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Psychiatry Res. 2009 Apr 30;166(2-3):260-8. doi: 10.1016/j.psychres.2008.02.008. Epub 2009 Mar 10.

The functions of self-injury in young adults who cut themselves: clarifying the evidence for affect-regulation.

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  • 1Department of Psychology, Stony Brook University, Stony Brook, NY 11794-2500, United States. E.David.Klonsky@stonybrook.edu

Abstract

The functions of non-suicidal self-injury were examined in 39 young adults with a history of skin-cutting and other self-injurious behaviors including banging, burning, and severe scratching. Consequences, affect-states, and reasons associated with self-injury were assessed by a structured interview. Results indicate that self-injury is associated with improvements in affective valence and decreases in affective arousal. Specifically, participants tended to feel overwhelmed, sad, and frustrated before self-injury, and relieved and calm after self-injury. Further, these affective changes predict lifetime frequency of self-injury, suggesting that they reinforce the behavior. Finally, although reasons for self-injury related to both affect-regulation (e.g., to release emotional pressure that builds up inside of me) and self-punishment (e.g., to express anger at myself) were endorsed by a majority of participants, affect-regulation reasons were overwhelmingly rated as primary and self-punishment reasons as secondary.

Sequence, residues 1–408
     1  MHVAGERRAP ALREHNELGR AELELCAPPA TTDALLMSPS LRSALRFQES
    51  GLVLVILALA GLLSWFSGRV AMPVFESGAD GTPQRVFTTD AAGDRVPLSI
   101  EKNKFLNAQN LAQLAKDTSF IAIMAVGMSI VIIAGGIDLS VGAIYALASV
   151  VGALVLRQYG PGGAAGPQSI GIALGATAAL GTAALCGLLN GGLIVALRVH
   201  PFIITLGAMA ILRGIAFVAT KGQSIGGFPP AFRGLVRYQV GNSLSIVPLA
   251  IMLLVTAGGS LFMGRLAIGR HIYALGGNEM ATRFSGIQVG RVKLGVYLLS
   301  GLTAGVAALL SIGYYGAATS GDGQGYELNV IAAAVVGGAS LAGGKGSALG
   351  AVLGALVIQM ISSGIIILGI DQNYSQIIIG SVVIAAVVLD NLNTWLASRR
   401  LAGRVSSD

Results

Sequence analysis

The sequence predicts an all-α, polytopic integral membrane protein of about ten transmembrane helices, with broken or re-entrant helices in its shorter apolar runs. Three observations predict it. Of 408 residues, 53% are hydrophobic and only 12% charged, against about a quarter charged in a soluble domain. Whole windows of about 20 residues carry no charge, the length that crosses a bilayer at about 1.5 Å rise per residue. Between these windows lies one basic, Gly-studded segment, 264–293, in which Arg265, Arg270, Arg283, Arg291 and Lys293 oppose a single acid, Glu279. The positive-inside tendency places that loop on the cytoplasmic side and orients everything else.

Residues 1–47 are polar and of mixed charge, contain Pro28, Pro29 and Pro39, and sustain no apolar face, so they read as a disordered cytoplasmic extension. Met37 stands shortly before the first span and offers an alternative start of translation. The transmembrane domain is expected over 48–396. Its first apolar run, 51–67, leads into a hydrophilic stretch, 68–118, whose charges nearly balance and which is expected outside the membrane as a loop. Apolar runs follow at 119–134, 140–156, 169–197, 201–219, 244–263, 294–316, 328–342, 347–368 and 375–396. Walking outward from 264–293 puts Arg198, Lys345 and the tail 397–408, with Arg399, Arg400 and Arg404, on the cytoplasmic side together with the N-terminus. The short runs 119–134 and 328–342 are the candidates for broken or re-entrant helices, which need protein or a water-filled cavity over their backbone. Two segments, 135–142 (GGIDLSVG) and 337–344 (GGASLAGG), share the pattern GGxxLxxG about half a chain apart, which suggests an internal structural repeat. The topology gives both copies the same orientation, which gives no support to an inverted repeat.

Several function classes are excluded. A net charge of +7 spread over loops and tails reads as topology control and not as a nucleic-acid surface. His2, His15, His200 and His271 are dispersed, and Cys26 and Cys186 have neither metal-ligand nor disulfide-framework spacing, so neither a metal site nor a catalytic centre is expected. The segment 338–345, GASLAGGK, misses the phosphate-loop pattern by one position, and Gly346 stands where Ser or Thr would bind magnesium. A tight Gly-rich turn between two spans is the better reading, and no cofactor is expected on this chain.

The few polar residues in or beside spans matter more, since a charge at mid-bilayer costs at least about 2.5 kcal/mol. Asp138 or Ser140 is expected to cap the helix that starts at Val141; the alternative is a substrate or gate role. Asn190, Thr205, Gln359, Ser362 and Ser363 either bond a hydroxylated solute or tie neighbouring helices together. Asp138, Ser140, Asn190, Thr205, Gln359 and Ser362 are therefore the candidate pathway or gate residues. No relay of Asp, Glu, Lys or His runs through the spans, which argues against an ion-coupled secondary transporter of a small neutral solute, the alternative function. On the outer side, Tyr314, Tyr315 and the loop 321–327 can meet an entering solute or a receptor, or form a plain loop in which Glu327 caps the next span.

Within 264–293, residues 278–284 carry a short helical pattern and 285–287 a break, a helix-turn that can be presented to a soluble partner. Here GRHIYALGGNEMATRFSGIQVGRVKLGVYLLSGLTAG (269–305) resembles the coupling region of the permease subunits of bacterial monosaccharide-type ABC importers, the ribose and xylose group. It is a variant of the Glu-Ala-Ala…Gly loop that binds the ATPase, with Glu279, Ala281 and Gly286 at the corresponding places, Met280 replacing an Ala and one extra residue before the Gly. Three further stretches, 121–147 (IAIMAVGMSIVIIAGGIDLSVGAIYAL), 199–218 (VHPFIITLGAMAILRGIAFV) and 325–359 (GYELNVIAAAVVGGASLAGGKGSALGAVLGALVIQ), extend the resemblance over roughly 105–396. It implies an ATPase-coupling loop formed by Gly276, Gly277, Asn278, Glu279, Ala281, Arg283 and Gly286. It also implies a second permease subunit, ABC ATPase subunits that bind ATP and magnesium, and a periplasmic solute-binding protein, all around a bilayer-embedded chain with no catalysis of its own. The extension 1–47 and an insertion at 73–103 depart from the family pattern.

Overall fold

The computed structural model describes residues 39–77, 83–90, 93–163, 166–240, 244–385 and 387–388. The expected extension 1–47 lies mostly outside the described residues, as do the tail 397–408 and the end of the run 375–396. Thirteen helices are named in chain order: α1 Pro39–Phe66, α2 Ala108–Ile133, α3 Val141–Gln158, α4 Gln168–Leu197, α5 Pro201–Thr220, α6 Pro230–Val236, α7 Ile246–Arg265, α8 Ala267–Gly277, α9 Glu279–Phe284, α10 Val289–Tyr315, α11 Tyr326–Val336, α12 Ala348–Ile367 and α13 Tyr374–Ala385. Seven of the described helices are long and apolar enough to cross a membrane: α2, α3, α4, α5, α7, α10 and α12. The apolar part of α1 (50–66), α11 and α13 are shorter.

PMID:
19275962
[PubMed - indexed for MEDLINE]
PMCID:
PMC2723954
Free PMC Article
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